A Broken Wing Butterfly would have strike prices like Rs. 100/-, Rs. 105/-, Rs. 120/- (the long Rs. 120/- option is Rs. 15/- away from the middle options, while the Rs. 100/- long option is only Rs. 5/- away).
Implementing The Broken Wing Butterfly Trading Strategy
I will use Infosys (Ticker – NSE: INFOSYS) option for this example.
- Spot Price: 1164
- Long Call Strike Price: 1140 (Premium: 36.5)
- Short Call Strike Price: 1160 (Premium: 23.5)
- Long Call 2 Strike Price: 1200 (Premium: 8.5)
We’ll start by importing the Library.
import numpy as np import matplotlib.pyplot as plt #import seaborn plt.style.use('ggplot')
def call_payoff (sT, strike_price, premium): return np.where(sT> strike_price, sT-strike_price, 0)-premium # Infosys Spot Price s0 = 1164 # Long Call (A) lower_strike_price_long_call= 1140 premium_lower_strike_long_call = 36.5 # Short Call (B) strike_price_short_call = 1160 premium_short_call = 23.5 # Long Call (D) higher_strike_price_long_call = 1200 premium_higher_strike_long_call = 8.5 # Range of call option at expiration sT = np.arange(1050,1250,1)
Long Call Payoff
Lower Strike Long Call Payoff
lower_strike_long_call_payoff = call_payoff(sT, lower_stirke_price_long_call, premium_lower_strike_long_call) fig, ax = plt.subplots() ax.spines['bottom'].set_position('zero') ax.plot(sT,lower_strike_long_call_payoff, color='g') ax.set_title('LONG 1140 Strike Call') plt.xlabel('Stock Price') plt.ylabel('Profit & Loss') plt.grid() plt.show()
Higher Strike Long Call Payoff
higher_strike_long_call_payoff = call_payoff(sT, higher_strike_price_long_call, premium_higher_strike_long_call) fig, ax = plt.subplots() ax.spines['bottom'].set_position('zero') ax.plot(sT,higher_strike_long_call_payoff, color='g') ax.set_title('LONG 1200 Strike Call') plt.xlabel('Stock Price (sT)') plt.ylabel('Profit & Loss') plt.grid() plt.show()
Short Call Payoff
Short_call_payoff = call_payoff(sT, strike_price_short_call, premium_short_call)*-1.0 fig, ax = plt.subplots() ax.spines['bottom'].set_position('zero') ax.plot(sT, Short_call_payoff, color='r') ax.set_title('Short 1160 Strike Call') plt.xlabel('Stock Price') plt.ylabel('Profit & Loss') plt.grid() plt.show()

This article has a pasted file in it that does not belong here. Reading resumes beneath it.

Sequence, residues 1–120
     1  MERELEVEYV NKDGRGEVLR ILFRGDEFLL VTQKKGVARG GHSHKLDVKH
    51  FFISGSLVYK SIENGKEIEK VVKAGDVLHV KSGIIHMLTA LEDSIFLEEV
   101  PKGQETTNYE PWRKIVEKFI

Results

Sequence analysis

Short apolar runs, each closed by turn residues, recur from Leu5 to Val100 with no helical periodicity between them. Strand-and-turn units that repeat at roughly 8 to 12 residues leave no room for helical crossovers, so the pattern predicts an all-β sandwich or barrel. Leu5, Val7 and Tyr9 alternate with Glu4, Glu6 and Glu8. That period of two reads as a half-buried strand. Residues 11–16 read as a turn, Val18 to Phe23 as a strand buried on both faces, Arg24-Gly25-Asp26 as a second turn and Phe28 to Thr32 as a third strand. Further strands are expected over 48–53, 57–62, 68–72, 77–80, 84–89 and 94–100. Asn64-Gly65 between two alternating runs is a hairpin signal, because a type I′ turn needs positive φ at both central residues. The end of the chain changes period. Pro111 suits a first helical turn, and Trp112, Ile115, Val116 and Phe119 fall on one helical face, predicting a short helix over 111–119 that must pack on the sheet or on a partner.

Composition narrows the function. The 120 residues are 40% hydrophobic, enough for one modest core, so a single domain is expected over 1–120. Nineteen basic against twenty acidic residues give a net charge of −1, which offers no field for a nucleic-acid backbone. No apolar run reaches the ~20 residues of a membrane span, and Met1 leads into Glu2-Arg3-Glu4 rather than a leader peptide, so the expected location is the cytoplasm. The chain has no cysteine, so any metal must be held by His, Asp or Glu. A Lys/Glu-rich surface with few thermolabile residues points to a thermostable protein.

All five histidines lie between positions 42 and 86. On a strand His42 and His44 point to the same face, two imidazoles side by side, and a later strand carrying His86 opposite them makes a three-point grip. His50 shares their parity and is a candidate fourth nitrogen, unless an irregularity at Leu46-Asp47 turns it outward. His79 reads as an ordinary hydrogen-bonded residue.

Broken Wing Butterfly Spread Payoff
BrokenWing_Butterfly_spread_payoff = lower_strike_long_call_payoff + higher_strike_long_call_payoff + 2 *Short_call_payoff fig, ax = plt.subplots() ax.spines['bottom'].set_position('zero') ax.plot(sT,BrokenWing_Butterfly_spread_payoff ,color='b', label= 'Broken Wing Butterfly Spread') ax.plot(sT, lower_strike_long_call_payoff,'--', color='g',label='Lower Strike Long Call') ax.plot(sT, higher_strike_long_call_payoff,'--', color='g', label='Higher Strike Long Call') ax.plot(sT, Short_call_payoff, '--', color='r', label='Short call') plt.legend() plt.grid() plt.xlabel('Stock Price') plt.ylabel('Profit & Loss') plt.show()
BrokenWing_Butterfly_spread_payoff = lower_strike_long_call_payoff + higher_strike_long_call_payoff + 2 *Short_call_payoff fig, ax = plt.subplots() ax.spines['bottom'].set_position('zero') ax.plot(sT,BrokenWing_Butterfly_spread_payoff ,color='b', label= 'Broken Wing Butterfly Spread') plt.legend() plt.xlabel('Stock Price') plt.ylabel('Profit & Loss') plt.grid() plt.show()
profit = max(BrokenWing_Butterfly_spread_payoff) loss = min(BrokenWing_Butterfly_spread_payoff) print ("Max Profit %.2f" %profit) print ("Max Loss %.2f" %loss) Max Profit: 22.00 Max Loss: 18.00
Due to the narrow sweet spot and the fact you’re trading three different options in one strategy, skip strike Butterflies may be better suited for more advanced options traders. Seasoned Veterans and higher should generally practise it
Should the market move down, both strategies can lose money at expiration, but the Broken Wing Butterfly Spread is durable towards a downside fall and can sustain a larger loss. That said, the break even on the Broken Wing Butterfly is better than on the Butterfly since it will offer more downside protection.
Some Related Terms
Butterfly Spread: It is a combination of Bull Spread and Bear Spread, a Neutral Trading Strategy since it has limited risk options and a limited profit potential
Short Butterfly: Inverse to the Long Butterfly, practised when Stock Price could go in either direction
Long Call Butterfly: In this strategy, all Call options have the same expiration date, and the distance between each strike price of the constituent legs is the same
Long Put Butterfly: Practicing Long Butterfly Spread using Puts options
Iron Butterfly: It is also a combination of a Bull Spread and a Bear Spread, a limited risk and a limited profit trading strategy which includes the use of four different options
Wingspreads: Family of spreads where the members are named after various flying creatures
A step-by-step guide to help you learn how to use moving average crossover strategy to trade in Nifty Options. Explore back-testing of crossover signals using Python programming to get optimum results from your trading strategy.
Disclaimer: All investments and trading in the stock market involve risk. Any decisions to place trades in the financial markets, including trading in stock or options or other financial instruments is a personal decision that should only be made after thorough research, including a personal risk and financial assessment and the engagement of professional assistance to the extent you believe necessary. The trading strategies or related information mentioned in this article is for informational purposes only.
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- Broken Wing Butterfly Options Strategy – Python Code